As an insightful American philosopher of the early part of this century, Roy Wood Sellars, said, we experience a field which is structurally isomorphic to the light-wave intensities arriving at our retinas (Sellars. 1932, 86), in that there are 'corresponding relations' in the distribution but no pictorial resemblance. As another modern philosopher of perception. Barry Maund, has said, we have a kind of contour map of intensities (Maund, 1993); there may be a temptation to think that some internal objects 'resemble' some external objects, but that picture is false - instead there is a parallelism between the internal distribution as a field and the distribution as it arrives at the eyes. In the same way one might say that there is a structural isomorphism between the grooves on an old gramophone record of Beethoven's Ninth and the variation of patterns in the sound-track down the side of a film of the same symphony.

The fact is, as Richard Gregory has recently asserted, we do not see things at all: it is rather that we are making prompt but learned categorizations from the visual field. It has often been said that the world does not come already labelled for us, that, where the English might see an array of different types of nuts in a shop window, the French do not see 'nuts' at all since the French language has no generic word for nuts - the French only see amandes, noisettes, cacahouettes, châtaignes. But the truth is more radical than that: we do not even immediately pick out separate entities, in spite of the fact that, as the psychologist James J. Gibson has shown us, the brain has special circuits, rather like what lies behind the Contrast knob on a television set, for sharpening what we call boundaries, all that is going on is that at the field-determinate level certain transition regions are being narrowed. It is easy to miss an obvious fact: what we call edges and boundaries sometimes are likely to mislead us. There is a large painting by Chuck Close in the art museum in Buffalo which shows a face seen through cellular glass - when one is close to this picture it is virtually impossible to see the face, not until one withdraws some distance from it and the individual cells blur does it gather into recognition. Thus there is no necessary relation between the state of the field as regards distinctness and the knowledge that may or may not be drawn from it. In short, discrimination at the sensory level is not to be equated with interpretation at the perceptual one. To say that it was would be to imply that the more sharp-sighted you were the more you knew. Acuity is not the same as acuteness. So what Sellars calls the 'patterned stimulus' is not patterned with given entity outlines. We can even experience the field without any epistemic gestalts projected upon it: the sensory in itself is devoid of information. ,It is no more than what H. P. Grice has called a 'natural sign' (Grice, 1957): a dark cloud on the horizon can be taken by those in the know as a sign of forthcoming rain, so certain recurrences within our sensory fields can be so taken, but just as a dark cloud is not labelled 'rain', for there is nothing certain about the interpretation; similarly, distributions in the sensory field are not labelled, for there is equally nothing certain about the interpretations we make.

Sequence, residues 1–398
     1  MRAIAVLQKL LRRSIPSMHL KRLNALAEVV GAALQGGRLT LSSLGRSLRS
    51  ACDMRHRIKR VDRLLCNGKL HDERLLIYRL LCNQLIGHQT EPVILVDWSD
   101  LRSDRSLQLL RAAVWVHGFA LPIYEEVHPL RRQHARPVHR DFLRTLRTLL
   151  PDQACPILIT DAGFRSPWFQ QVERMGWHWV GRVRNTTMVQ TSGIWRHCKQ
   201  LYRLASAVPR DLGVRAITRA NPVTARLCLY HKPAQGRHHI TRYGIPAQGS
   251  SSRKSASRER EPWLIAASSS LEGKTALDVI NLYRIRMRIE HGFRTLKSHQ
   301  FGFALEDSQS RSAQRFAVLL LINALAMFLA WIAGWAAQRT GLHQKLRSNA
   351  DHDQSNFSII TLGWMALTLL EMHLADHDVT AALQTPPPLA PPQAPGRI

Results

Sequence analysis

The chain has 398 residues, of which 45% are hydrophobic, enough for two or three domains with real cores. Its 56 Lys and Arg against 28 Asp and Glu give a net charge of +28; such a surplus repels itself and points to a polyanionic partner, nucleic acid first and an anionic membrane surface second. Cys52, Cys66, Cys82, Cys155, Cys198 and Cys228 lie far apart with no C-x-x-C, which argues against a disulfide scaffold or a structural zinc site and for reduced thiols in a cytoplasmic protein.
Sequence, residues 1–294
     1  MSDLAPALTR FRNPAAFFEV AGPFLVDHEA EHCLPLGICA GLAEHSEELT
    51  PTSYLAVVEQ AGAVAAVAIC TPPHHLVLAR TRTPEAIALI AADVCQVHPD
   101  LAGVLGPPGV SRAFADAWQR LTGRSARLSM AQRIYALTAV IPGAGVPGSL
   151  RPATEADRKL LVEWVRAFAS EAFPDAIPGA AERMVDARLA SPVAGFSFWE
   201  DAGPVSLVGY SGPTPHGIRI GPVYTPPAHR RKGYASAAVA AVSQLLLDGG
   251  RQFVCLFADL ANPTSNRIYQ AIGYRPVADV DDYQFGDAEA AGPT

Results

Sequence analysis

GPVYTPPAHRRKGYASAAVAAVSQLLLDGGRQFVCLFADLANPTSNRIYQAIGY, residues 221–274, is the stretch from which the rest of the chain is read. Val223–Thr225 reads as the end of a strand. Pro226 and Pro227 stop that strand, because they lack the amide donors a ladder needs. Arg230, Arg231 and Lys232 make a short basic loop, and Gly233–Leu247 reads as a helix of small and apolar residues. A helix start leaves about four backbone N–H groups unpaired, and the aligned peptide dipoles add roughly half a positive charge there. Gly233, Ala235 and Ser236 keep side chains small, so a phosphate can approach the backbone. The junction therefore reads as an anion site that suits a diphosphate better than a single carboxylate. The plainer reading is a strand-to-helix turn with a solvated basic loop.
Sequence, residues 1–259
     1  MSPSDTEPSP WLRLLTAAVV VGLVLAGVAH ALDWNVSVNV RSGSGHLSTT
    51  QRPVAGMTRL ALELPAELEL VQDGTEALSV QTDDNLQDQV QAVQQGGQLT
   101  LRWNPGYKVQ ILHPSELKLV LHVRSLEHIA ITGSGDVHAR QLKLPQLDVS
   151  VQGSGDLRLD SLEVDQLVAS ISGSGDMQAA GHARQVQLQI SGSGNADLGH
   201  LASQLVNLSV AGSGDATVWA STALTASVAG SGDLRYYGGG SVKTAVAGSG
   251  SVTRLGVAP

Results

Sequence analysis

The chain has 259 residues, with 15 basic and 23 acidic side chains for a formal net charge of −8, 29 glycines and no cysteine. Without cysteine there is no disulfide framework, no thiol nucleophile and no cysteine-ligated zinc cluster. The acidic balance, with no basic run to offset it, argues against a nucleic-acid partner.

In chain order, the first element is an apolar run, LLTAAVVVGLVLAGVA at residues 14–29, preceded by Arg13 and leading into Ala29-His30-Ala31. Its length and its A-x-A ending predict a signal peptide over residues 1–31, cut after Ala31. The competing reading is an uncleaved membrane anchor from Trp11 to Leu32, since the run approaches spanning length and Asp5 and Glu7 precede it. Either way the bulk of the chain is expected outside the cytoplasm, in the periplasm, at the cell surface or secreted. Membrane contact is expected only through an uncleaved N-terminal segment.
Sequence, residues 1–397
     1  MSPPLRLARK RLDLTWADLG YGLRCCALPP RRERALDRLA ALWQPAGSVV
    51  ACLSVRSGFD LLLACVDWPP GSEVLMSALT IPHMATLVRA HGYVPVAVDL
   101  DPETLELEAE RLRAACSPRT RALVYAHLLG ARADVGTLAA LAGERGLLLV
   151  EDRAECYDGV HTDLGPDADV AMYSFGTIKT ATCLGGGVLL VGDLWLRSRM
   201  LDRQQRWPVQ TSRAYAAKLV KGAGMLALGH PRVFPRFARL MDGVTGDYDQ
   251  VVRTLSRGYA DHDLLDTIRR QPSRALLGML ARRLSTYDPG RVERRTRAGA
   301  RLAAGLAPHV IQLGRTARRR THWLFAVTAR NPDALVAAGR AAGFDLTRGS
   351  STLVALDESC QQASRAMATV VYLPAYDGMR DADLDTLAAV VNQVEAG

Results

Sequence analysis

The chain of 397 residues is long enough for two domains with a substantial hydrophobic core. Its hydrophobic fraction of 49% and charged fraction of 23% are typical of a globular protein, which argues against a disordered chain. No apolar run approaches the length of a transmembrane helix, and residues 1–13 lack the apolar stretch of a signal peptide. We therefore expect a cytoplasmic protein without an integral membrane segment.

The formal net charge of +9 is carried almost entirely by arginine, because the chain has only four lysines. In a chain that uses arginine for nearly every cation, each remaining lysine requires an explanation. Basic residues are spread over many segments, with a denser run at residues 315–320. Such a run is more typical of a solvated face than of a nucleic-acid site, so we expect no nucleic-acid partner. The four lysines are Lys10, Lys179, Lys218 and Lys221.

I have spent this time establishing this point in order to say that we are not presented with data at all but a sensed field. Sellars used to insist that being was not the same as knowledge; one can specify that a little closer to our theme: to sense is not to know. There are people with brain damage who can see perfectly, but they are quite unable to look. Nevertheless we do sort out from those variations recurrences that appear valuable to us, we do categorize. By what means? In the lower animal world most categorizations come fairly automatically, but at higher levels gestalts occur to guide action. What produces them? The new neuroscience gives the answer (Edelman, 1992) - the pleasure/pain system, which has the power to imprint in memory whatever is in the sensed field when they are produced. That imprinting is tabbed with desire and fear, such that when that imprinting is matched in the sensed field again, appropriate action is keyed, approach or withdrawal. Thus the higher animals, equipped with sensory fields, are able to learn, refining their selections, and changing them should what is of moment to life change its form. But animal species have come to grief, or rather extinction, precisely because of the inability to change categorizations at short notice. What has evolved in the human case is the ability to adjust another's gestalts. One can appeal to memory or point out in the sensory field what the other may have sensed but not perceived in order to change his or her set for future action. Note that this locks in with what writers on narrative such as Jerome Bruner (1990, 47) and Paul Ricœur 1974, 328-29) have noted, that categorizations from the past once accepted as stable by the community, because of some discrepancy in the present are subjected to alterations for future action. Narrative is a temporal matter in which a canonical meaning is subjected to a dialectical transformation.